"Evolution of Organizational Rationality in Social Complexity: Interorganizational Networks in Environmental Biotechnology Industry"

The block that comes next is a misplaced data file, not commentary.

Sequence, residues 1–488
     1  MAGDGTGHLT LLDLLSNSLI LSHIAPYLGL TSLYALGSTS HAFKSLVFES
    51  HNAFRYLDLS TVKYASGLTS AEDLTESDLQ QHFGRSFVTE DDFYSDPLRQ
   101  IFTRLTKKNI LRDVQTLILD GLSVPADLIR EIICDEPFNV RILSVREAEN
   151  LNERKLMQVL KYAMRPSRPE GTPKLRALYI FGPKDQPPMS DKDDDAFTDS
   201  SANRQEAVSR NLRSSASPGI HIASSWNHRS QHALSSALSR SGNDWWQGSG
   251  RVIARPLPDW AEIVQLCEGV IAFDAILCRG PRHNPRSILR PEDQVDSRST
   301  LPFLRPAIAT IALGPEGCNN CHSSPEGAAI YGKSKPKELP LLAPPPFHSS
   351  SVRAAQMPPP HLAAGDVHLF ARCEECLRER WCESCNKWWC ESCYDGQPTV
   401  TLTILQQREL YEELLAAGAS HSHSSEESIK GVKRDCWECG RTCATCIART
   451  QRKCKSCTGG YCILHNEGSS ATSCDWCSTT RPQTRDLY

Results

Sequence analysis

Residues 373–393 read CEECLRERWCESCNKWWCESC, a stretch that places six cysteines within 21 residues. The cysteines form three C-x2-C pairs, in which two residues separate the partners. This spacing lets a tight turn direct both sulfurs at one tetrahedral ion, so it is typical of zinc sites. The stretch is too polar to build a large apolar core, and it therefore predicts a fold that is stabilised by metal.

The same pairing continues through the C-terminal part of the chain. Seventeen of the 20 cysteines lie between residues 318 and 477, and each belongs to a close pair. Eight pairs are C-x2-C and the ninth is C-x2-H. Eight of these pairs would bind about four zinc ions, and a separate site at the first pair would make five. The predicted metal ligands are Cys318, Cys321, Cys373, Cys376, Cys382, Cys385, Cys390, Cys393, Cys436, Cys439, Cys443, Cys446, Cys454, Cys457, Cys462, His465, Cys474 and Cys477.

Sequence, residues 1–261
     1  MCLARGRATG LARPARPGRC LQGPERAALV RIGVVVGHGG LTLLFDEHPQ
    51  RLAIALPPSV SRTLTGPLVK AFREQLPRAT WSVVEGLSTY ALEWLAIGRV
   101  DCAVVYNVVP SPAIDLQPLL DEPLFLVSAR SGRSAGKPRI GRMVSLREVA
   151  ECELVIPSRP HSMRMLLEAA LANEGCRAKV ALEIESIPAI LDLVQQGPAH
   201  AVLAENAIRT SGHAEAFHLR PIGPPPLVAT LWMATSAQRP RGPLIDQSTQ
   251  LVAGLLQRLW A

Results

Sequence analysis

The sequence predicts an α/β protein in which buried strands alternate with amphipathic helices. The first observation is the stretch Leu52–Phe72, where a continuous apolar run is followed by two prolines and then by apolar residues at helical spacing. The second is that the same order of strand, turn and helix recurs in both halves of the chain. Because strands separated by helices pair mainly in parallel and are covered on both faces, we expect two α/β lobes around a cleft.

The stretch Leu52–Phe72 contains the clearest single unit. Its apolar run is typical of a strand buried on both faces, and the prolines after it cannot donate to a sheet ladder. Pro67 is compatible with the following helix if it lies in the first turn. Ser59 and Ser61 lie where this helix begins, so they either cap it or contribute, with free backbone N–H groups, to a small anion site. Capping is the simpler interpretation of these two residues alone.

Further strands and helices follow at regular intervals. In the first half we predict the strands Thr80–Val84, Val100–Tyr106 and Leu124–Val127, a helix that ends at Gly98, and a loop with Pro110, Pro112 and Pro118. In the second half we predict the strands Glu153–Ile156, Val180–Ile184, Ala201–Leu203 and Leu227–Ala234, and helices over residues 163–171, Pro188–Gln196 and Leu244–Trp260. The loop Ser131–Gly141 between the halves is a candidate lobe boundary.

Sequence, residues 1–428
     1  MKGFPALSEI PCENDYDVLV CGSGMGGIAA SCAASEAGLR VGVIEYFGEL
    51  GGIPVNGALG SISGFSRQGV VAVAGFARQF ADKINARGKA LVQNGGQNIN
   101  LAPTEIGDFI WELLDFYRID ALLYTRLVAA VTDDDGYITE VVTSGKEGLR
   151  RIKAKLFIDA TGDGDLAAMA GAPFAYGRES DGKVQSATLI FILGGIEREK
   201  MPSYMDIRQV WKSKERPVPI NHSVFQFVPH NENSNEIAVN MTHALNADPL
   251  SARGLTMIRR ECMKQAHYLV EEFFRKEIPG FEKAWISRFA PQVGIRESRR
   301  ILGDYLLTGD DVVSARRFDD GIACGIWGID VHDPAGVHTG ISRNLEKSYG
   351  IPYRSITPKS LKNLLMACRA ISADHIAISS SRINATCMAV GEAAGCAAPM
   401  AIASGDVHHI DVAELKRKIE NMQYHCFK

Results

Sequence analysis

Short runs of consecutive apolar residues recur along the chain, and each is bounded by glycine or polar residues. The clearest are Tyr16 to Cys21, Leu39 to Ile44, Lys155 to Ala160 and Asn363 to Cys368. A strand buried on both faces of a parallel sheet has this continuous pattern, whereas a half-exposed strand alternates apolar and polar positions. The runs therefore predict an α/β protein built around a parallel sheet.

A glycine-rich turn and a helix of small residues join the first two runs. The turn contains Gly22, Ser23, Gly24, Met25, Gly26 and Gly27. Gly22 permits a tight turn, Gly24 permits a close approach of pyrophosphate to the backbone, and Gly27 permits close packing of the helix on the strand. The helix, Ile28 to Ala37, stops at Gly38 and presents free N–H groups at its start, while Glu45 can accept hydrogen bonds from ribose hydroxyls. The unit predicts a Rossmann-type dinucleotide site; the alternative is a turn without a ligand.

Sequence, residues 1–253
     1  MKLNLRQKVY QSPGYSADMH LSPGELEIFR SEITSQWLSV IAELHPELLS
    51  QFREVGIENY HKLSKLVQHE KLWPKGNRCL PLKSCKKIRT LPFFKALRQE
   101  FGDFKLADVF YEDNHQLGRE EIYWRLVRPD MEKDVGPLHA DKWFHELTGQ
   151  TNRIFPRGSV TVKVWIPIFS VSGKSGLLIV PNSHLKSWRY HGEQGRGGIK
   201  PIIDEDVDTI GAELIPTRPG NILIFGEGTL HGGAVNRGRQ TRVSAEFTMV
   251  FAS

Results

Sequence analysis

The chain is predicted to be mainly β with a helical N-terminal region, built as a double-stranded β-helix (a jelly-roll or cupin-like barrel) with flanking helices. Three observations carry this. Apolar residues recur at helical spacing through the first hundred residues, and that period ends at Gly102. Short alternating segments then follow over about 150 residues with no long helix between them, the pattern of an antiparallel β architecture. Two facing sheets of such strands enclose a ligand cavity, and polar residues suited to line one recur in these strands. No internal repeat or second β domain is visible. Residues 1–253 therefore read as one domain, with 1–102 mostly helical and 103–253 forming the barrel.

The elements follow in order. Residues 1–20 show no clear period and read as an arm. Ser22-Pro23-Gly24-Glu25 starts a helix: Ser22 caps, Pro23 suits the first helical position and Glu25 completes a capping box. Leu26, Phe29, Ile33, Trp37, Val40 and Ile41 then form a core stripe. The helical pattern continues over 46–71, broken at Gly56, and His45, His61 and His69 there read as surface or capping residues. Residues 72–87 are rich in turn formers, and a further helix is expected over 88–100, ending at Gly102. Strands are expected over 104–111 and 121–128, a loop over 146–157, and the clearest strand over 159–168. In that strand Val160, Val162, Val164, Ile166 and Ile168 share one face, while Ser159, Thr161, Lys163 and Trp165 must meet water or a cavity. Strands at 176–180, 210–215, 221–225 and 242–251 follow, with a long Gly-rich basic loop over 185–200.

This research demonstrates how organizational rationality is bounded in social complexity and how interorganizational networks interplay when organizations are dealing with resources of social issues (‘risk organizations’, below). Social complexity is measured in terms of increased normative constraints in the field of interest indicated by the increased number of organizations that support environmentalism, regulations on development and use of hazardous environmental technologies, and civil/international events on environmentalism. Four relationships are specifically examined concerning social complexity and organizational rationality. As normative constraints increase in organizational environments, it is, first, observed that structural positions of risk organizations are peripheralized in network hierarchy. The structural positions are measured in terms of centrality, core/periphery, and structural equivalence of organizations in network hierarchy. Second, it is shown that subgroup formations are more active among risk organizations than among other organizations. Subgroups such as cliques and k-plexes are detected and compared to examine whether or not there is any difference in forming coalitions between risk organizations and other organizations. Third, it is demonstrated that risk organizations in subgroups have more ingroup ties over outgroup ties, compared with other organizations. Lastly, it is revealed that peripheralized risk organizations depend on less variety of ties than other organizations do. A historical network analysis is carried out based on longitudinal collaborative ties between environmental biotechnology firms (EBFs) and other organizations in the industry of environmental biotechnology over the period since 1970. The findings contribute to locating structural positions, sub-networks, and cohesion/solidarity of organizations with resources of social issues that vary depending on social complexity – especially, the levels of normative constraints –, and predicting the flows of the hazardous resources in complex interorganizational networks.